PEDC, City Council, Airport Board plot aggressive campaign to attract companies to Cox Field Airport
Members of the city’s Airport Advisory Board joined with members of the Paris Economic Development Corporation and other city officials Thursday to begin an aggressive effort to market the advantages of Cox Field Airport.
Shawn Napier, who is the city’s director of developent as well as city engineer and airport director, noted that the Paris City Council has earmarked about $6 million — out of the $35 million May 2013 infrastructure bond issue — to extend water and sewer lines 3.2 miles from the Paris city limits to Cox Field Airport and surrounding area.
Construction is to begin by August, with infrastructure in place at the airport by early 2015, Napier said. That will dramatically improve development prospects at Cox Field, he said.
The PEDC’s increased interest in Cox Field for economic development coincided with the Paris City Council’s recent decision to bring infrastructure to the airport.
Thursday’s meeting at the airport included all five members of the PEDC plus Executive Director Steve Gilbert and Assistant Executive Director Shannon Barrentine; the seven members of the airport advisory board; and city officials including the city manager, city attorney, airport director and airport manager.
It was almost a standing-room-only occasion in a Cox Field Airport meeting room, with about 25 people in attendance, including three reporters.
“I’m excited to see so many people here, at our meeting,” airport board chairman Billy Copeland said.
Optimism poured out, and the consensus was to form an “Airport Advisory Board Subcommittee for Airport Marketing and Development” to lay out an aggressive marketing campaign to “sell” Cox Field Airport as a prime location for businesses — especially airport-related business.
“If you’re going to think, think big!” longtime airport advisory board member and pilot Jack Ashmore urged, suggesting that the group set its sights on bringing in “another Campbell Soup” — probably an aviation-related industry, but not necessarily.
“I want to see something that employs people from Paris,” Ashmore said.
Ashmore said a problem in past years was a city council that was unwilling to go so far as even build more hangars at the airport. There are about 30 people waiting in line for whenever more hangars become available, he noted, and that waiting list goes back for maybe 10 years.
“Well, you have a city council now that is very eager to get something done at the airport,” said District 2 City Councilwoman Sue Lancaster, who is the council’s liaison to the airport board.
“This could be a wonderful development, and it looks like everyone is getting together,” Lancaster said.
“I’m like you. If we’re going to go big, go really big,” PEDC chairwoman Rebecca Clifford said.
“I like what I’ve heard today,” airport board member Ray Ball said.
Gilbert said his feeling, after reading advertisements promoting this city or that, “is that almost every city is an excellent place to live, play and work!” Paris should seek to get the word out on why its airport is superior to others, he said.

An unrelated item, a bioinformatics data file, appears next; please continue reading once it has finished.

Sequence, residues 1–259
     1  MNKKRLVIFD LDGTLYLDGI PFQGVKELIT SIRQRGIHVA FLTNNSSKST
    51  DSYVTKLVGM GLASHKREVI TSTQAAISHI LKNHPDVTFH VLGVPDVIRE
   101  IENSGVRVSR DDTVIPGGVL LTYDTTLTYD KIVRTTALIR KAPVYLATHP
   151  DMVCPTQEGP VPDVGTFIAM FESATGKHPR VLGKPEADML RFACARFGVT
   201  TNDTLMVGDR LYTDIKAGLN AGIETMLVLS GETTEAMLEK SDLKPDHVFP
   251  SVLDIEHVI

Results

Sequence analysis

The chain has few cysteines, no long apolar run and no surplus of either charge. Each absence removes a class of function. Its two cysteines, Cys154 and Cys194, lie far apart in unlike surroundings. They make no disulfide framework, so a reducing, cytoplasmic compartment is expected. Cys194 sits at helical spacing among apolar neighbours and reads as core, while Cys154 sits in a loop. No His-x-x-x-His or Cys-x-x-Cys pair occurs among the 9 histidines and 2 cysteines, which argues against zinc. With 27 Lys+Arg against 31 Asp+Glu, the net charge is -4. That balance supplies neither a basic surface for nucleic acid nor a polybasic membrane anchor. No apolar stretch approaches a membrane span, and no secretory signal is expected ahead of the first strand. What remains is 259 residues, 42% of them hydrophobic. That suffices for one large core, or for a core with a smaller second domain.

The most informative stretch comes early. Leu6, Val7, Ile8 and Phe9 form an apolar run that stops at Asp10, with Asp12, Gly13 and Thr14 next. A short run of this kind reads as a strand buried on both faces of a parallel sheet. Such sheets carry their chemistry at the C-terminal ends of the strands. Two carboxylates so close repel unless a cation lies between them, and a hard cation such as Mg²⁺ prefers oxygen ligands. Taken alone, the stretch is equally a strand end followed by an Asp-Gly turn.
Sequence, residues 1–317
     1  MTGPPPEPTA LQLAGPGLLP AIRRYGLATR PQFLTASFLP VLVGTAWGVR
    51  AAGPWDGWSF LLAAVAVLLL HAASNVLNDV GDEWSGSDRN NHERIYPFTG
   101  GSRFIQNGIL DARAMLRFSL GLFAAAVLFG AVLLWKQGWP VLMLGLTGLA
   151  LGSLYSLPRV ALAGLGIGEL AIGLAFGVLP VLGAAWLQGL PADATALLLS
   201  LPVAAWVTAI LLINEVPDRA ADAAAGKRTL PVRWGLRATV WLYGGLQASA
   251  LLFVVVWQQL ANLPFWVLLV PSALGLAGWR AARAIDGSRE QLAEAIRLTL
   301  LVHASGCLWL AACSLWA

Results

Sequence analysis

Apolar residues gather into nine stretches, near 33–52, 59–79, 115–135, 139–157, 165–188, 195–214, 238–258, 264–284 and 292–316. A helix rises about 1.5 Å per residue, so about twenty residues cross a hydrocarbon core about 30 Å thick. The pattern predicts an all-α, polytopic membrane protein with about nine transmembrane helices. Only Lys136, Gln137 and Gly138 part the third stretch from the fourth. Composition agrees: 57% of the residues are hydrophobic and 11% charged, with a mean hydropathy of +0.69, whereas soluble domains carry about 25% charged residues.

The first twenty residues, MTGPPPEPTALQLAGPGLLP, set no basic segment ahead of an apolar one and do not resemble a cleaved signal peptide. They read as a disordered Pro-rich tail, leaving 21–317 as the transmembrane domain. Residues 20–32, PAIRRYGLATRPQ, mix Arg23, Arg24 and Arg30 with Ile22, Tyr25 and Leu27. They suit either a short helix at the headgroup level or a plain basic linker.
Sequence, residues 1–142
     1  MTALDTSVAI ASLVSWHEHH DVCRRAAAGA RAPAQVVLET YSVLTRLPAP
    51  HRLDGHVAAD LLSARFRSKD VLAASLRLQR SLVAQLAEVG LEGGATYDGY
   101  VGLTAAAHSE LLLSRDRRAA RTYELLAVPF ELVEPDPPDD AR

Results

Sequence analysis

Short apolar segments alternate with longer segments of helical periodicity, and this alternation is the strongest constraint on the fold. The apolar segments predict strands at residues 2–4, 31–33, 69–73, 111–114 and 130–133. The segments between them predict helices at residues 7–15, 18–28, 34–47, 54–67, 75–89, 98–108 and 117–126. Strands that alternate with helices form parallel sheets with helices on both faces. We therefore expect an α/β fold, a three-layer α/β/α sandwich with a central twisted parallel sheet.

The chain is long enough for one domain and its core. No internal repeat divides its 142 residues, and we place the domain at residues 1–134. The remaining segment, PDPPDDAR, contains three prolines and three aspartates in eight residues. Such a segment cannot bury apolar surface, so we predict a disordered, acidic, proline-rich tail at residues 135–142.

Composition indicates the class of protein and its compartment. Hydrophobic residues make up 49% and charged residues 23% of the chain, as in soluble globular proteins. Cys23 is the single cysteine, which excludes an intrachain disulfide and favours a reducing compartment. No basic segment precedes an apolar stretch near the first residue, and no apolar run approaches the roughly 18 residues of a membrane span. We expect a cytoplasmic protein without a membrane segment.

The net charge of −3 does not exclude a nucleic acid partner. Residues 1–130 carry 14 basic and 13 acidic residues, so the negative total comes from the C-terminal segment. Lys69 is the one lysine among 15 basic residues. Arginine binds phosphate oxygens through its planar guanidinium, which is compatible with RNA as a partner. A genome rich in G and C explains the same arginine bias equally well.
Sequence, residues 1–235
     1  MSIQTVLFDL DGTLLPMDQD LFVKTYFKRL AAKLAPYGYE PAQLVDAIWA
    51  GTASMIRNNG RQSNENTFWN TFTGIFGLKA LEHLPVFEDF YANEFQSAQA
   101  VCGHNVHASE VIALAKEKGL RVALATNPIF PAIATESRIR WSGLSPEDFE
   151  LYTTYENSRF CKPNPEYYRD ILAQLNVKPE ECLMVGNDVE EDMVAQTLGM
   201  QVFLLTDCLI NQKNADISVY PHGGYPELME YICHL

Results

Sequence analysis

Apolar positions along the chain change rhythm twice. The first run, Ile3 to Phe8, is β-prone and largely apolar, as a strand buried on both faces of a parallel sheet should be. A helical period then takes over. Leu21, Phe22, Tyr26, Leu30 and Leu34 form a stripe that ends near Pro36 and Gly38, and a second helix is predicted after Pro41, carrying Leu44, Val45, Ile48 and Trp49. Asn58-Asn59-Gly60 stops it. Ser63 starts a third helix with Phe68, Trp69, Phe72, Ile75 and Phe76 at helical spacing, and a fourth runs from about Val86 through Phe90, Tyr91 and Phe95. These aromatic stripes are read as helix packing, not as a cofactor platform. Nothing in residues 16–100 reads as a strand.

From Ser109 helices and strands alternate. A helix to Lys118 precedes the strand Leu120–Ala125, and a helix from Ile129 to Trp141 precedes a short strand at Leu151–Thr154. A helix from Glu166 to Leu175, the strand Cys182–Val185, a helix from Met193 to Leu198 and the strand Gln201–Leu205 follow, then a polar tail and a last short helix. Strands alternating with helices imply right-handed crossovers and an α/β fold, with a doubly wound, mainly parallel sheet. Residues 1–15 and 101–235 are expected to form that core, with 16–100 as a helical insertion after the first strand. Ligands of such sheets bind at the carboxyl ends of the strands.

Members of the airport advisory board noted there is lots of room for development north of the airport, and even more on the other side of the runways, toward the northwest. The problem with the available land on the other side of the airport is that there is presently no way to get to it except by crossing the runway. Once the infrastructure is in place, the sky will be the limit, those at the meeting agreed.
Napier said a very real advantage that Paris has in attracting airport-related investors to the airport is that the city owns the land. That allows the city to make sites available for lease at an attractive rate, as opposed to someone having to buy property.
As a former military base, Cox Field has advantages over nearly any other non-metropolitan airport, airport manager Jerry Richie said.
Ashmore noted that Cox Field has not only a long runway, but multiple runways. Many cities have land-locked airports. That’s not the case at Cox Field, he said.
Coming out of the meeting was a decision to create an “Airport Advisory Board Subcommittee for Airport Marketing and Development,” consisting of appointees from the PEDC, the City Council and the airport board, plus Napier and maybe one or two others from the city.
Once that possibility was brought up, it took hold in a hurry, and the group agreed to get the groundwork in place for such a committee to begin work immediately. The committee, once formed, will have its first meeting at Cox Field at 4 p.m. on Feb. 6.
Less than 24 hours later, the PEDC on Friday posted notice of a special meeting for Thursday of next week to appoint two of its members to the new subcommittee.
Another item on that agenda is to “discuss and possibly act” on advertising in the spring 2014 issue of “Texas Wide Open for Business,” which Gilbert recommended as a good starting place. He held up several magazines as potentially good advertising sites — places to reach people who are “real estate agents” for companies desiring to locate at airports.
The new committee will be pursuing getting the word out on the advantages that Cox Field Airport has over other cities — i.e., multiple runways, length of runway, plenty of space (not land locked, as many airports are), and most important the availability of water and sewer infrastructure and other utilities by early 2015.
Lancaster noted that Mayor AJ Hashmi is in the beginning stages of creating an “ePortalParis.com” website that will focus on what will be coming available at not only Cox Field Airport but Lake Crook. That website will show the advantages of both and could be a good marketing tool in itself, she said.
By Charles Richards, eParisExtra